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Bird Control

Melissa is the assignment editor and contributing writer for SheKnows Home and Living. While other little girls were playing dress up with Barbie, Melissa was busy remodeling Barbie's house. She now lives out her dream covering design an...

Forget poisons and use your mental superiority to keep birds away from the garden.

Birds can be their own form of pest control, eating bugs from the garden while plants grow, but once fruit begins to ripen, birds can become a pest in their own right. After waiting all season to find your first tomatoes pecked by birds can be disheartening and aggravating. But even if you're not a bird-lover, you don't want to kill them. Manage birds using organic controls.


Birds can be their own form of pest control, eating bugs from the garden while plants grow, but once fruit begins to ripen, birds can become a pest in their own right. After waiting all season to find your first tomatoes pecked by birds can be disheartening and aggravating. But even if you're not a bird-lover, you don't want to kill them. Manage birds using organic controls.

Although they have amazing natural instincts, birds just aren't as smart as us. Use that to your advantage. They're only trying to find food, so the best way to deter them from the garden is to encourage them to find food elsewhere. Decoys and homemade solutions keep the birds away and nobody gets hurt.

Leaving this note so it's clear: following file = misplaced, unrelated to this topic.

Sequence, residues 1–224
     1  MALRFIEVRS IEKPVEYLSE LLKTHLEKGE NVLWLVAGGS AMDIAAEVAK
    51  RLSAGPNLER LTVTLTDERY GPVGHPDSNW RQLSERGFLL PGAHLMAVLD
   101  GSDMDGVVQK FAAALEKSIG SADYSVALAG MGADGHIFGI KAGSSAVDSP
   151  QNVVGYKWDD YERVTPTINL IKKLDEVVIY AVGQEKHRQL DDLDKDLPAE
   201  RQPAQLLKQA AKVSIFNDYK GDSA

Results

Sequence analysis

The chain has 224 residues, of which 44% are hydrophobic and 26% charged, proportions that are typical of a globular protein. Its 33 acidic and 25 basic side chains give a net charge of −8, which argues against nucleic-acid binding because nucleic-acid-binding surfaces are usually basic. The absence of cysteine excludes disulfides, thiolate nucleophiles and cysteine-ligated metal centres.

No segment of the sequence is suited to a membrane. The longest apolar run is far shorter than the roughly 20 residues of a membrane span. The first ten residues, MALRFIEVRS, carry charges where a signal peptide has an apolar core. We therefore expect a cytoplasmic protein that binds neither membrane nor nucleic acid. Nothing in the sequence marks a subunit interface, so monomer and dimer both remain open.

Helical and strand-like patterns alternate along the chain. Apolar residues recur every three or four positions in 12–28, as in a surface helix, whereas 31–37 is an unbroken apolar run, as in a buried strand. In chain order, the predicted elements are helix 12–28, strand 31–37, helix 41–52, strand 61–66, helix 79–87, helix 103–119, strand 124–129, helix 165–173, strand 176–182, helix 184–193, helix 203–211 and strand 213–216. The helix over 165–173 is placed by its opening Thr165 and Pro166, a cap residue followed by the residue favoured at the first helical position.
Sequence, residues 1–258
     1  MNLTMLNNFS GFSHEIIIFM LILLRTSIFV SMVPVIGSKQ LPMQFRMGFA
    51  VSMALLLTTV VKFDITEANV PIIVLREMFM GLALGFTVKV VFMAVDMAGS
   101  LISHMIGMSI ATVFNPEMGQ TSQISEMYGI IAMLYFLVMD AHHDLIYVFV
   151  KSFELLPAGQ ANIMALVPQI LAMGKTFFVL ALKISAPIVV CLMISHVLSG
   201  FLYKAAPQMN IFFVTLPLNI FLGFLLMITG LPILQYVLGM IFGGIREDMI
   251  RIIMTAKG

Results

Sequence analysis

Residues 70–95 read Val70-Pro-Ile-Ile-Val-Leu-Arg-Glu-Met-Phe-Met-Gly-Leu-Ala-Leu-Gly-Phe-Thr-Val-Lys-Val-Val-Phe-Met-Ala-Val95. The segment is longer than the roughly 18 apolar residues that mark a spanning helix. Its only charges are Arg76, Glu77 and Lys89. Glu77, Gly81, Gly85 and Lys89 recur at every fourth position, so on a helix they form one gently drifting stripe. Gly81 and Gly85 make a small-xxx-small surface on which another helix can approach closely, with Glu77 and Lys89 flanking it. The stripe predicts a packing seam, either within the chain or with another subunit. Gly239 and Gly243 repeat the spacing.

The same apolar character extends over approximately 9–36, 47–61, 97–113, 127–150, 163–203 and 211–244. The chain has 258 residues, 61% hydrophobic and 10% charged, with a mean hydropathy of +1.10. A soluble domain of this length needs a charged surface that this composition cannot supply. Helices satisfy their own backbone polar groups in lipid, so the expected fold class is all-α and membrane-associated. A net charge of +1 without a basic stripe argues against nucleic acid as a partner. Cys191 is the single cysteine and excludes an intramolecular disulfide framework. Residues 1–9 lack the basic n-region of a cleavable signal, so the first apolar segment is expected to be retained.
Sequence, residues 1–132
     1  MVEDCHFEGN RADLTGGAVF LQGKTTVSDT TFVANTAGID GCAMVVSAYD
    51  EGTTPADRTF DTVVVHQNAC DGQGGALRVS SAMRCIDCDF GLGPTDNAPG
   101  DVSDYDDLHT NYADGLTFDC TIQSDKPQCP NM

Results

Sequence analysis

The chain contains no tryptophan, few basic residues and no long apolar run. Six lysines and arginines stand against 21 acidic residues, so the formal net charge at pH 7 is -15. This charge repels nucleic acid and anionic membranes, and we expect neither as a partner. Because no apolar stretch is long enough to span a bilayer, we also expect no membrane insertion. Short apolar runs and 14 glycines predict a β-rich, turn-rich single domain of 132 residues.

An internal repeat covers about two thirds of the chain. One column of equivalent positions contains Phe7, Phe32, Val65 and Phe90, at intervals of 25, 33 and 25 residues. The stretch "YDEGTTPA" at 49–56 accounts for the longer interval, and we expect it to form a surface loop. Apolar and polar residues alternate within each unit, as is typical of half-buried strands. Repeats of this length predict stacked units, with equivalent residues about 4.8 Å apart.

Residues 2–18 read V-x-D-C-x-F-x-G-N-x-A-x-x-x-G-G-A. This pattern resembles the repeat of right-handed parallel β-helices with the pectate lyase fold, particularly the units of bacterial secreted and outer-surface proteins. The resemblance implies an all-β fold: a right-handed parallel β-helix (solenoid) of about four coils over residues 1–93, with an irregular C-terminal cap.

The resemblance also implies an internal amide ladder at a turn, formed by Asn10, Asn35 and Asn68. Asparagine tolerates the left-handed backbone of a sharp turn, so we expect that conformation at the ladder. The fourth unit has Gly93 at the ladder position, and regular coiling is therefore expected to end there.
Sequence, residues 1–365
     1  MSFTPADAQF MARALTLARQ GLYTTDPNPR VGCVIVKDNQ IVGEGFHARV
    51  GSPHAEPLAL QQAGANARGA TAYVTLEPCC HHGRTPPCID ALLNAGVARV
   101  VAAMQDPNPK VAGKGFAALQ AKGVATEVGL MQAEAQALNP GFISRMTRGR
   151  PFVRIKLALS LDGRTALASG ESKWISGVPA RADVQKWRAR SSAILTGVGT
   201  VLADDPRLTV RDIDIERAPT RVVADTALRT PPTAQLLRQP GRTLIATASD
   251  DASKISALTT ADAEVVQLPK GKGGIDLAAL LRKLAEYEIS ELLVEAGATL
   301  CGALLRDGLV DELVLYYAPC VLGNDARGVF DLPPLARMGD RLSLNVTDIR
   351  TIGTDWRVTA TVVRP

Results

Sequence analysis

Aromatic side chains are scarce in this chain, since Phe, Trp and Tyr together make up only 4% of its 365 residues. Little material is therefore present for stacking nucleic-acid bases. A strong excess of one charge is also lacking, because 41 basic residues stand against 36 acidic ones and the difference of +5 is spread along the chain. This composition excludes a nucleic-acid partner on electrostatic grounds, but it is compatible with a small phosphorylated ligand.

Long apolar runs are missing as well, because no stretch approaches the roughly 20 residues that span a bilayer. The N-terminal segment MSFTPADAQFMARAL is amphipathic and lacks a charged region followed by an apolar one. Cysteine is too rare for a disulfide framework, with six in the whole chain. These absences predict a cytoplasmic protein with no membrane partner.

• Hang fake plastic fruit from trees or on sticks in the garden in spring. As birds start pecking around and find that the fruit isn't real, they will lock it in their memory and not bother with the real fruits when they come in.

  • Give the birds their own food. Hang a feeder away from the garden. When birds have options, they'll go for the sure thing---bird seed.

  • Moving objects scare birds. Pinwheels or other wind-powered trinkets are easy controls. Place these items near the plants that seem to be most attractive to birds.

  • Predator decoys can also scare birds away. A large phony owl or rubber snake will make the birds think twice about landing in the garden. Just be sure to move it every few days so the birds don't catch on.

  • Apply Tanglefoot paste to areas where birds roost. This sticky solution will not hurt birds but makes landing spots around your home and garden less comfortable, and therefore less attractive.

  • Birds don't like shiny things, like tin foil, cassette tapes or tinsel. Put these around the garden (and on your roof.) The sun's reflection off these items will fool the birds into thinking something is moving.


As you can see, the term "bird brain" isn't far from the truth. Control birds with simple things to trick their little minds and train them to stay out of your garden.

 

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